Guards and sentries at first fired warning shots, accidentally cutting the main electricity cable. The rest of the escape occurred in utter darkness. The first sentry to be overrun was manned by privates Benjamin Hardy and Ralph Jones. Realising the mob was too large, they began firing into it as it was coming right at them. But the prisoners were with too many, and they were overrun . Private Jones’ final act was to hide the Vickers machine gun’s lock, so that it was rendered useless to the Japanese. This most likely prevented them from killing many more guards. Private Shepherd too was slain near the main entrance of Broadway. Four other Australian guards suffered injuries.
Meanwhile, the two groups storming the outer perimeter fences managed to break through. Using blankets, prisoners climbed over the barbed wire fence. The groups that entered Broadway were taken under fire from Australians on both ends, pinning the escapees down. None of the escapees attempting to link up with Compound D where the Japanese officers resided managed to get out. Yet 334 prisoners managed to break through the fences and disappear into the night. It wasn’t until the next morning that the Australians could assess the absolute bloodbath that had taken place here during those short moments after 2 AM.
Immediately, the Australians called in every military branch’s help to recapture the escapees. The Royal Australian Air Force, Military Force trainees, the Women’s Battalion and regular police officers all joined the manhunt. But often, when escapees were about to be arrested, they decided to go out on their own terms.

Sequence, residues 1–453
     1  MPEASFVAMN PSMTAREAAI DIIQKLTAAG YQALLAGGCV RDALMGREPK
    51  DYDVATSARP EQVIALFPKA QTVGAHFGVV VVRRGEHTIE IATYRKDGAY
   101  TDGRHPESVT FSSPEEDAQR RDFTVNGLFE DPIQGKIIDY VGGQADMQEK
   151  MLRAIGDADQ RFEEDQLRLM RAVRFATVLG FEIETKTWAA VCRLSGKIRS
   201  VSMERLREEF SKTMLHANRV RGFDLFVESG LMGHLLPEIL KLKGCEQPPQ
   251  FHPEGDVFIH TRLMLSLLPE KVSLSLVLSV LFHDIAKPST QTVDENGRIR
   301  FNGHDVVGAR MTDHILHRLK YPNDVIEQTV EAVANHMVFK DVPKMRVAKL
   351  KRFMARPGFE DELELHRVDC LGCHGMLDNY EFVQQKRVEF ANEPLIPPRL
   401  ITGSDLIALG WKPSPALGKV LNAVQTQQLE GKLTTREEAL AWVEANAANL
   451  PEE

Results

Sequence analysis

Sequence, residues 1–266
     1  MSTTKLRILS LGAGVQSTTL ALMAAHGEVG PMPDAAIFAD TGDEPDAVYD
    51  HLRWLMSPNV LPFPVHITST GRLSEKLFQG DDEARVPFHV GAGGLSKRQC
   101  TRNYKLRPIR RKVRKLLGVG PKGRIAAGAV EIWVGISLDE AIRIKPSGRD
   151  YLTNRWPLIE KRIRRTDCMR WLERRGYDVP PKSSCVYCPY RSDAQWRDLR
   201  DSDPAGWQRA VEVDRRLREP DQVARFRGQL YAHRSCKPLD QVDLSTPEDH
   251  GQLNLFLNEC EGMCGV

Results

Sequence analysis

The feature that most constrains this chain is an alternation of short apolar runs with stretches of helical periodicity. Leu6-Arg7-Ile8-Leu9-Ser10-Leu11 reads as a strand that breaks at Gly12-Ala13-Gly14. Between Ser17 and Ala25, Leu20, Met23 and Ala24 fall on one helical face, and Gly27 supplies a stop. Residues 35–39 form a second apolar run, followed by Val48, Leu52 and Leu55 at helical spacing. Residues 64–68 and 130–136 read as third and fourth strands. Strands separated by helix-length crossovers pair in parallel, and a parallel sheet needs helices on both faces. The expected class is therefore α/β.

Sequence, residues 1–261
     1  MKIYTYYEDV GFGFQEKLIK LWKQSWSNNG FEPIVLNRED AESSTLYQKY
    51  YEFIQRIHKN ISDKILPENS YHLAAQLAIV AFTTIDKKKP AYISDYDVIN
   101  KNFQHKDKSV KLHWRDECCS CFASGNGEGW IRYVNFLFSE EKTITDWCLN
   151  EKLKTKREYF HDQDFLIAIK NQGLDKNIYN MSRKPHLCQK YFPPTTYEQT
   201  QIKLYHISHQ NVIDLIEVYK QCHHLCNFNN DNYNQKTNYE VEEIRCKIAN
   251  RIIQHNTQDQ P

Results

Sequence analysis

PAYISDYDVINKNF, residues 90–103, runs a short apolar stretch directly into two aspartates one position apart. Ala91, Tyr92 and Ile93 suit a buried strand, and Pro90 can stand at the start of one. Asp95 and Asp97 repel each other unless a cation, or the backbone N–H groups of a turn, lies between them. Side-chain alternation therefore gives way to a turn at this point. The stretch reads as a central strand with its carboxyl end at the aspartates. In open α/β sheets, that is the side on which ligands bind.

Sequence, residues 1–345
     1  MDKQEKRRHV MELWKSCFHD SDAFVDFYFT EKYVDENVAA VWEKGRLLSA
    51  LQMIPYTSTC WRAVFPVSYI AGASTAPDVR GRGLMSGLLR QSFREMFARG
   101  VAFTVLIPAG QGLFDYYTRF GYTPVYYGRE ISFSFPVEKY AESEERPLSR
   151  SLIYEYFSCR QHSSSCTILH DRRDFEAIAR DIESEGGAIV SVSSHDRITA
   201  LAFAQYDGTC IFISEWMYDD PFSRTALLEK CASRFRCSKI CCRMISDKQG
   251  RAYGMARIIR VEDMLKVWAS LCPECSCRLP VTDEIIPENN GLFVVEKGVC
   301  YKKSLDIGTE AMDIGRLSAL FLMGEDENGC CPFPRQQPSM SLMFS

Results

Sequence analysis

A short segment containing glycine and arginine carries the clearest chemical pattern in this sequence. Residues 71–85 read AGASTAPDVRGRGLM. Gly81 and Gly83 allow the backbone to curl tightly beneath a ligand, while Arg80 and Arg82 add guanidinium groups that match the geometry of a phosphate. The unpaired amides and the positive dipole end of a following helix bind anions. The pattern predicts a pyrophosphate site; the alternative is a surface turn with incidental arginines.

Examples are two escapees that jumped in front of a train. Others hanged themselves when they realised there was no escape, and others that failed to finish the job begged their captors to kill them. Yet official records reveal local civilians shot only two prisoners. The military shot around a dozen.
The final death toll on the Australian side was four. Three guards died during the escape attempt, and Lieutenant Harry Doncaster was killed during the manhunt. Details are a bit vague, but it is assumed he was ambushed by escapees a bit over 10 kilometres north of Cowra. No civilians appear to have been harmed during the breakout, something the Japanese leaders ordered.
It took the Australian military nine days to rearrest all escapees. The furthest away was an escapee captured at Eugowra, over 50 kilometres away from the camp. In total, Australian troops rearrested 334 escapees. Either 231 or 234 Japanese prisoners died, and 108 were wounded. At least 31 among the dead took their own lives.
After the events, Australian premier John Curtin described the breakout and Japanese POWs conduct as showcasing ‘suicidal contempt for life.’ In 1950, Privates Benjamin Hardy and Ralph Jones were awarded the George Cross posthumously.
The Japanese troops that died in the escape attempt were buried in a specially designated Japanese War Cemetery, opened in 1963. It is the only one in Australia. Besides Japanese escapees, several casualties of the Darwin bombings are buried there as well. In 1979 Australia’s government established the Japanese Gardens, emphasising the good relationship between Japan and Cowra.
After the war the Cowra escape wasn’t that well-known to the outside world. Historian and journalist Harry Gordon popularised the breakout when he published Voyage of Shame, a detailed study into the escape. With over 200 deaths, this deadliest escape attempt ever by Japanese POWs was quite different from German POWs’ escape attempts in the United Kingdom and United States. I’ve created videos of those events and several other escapes if you’re interested. One of them should appear on-screen shortly, and otherwise, have a look at my channel.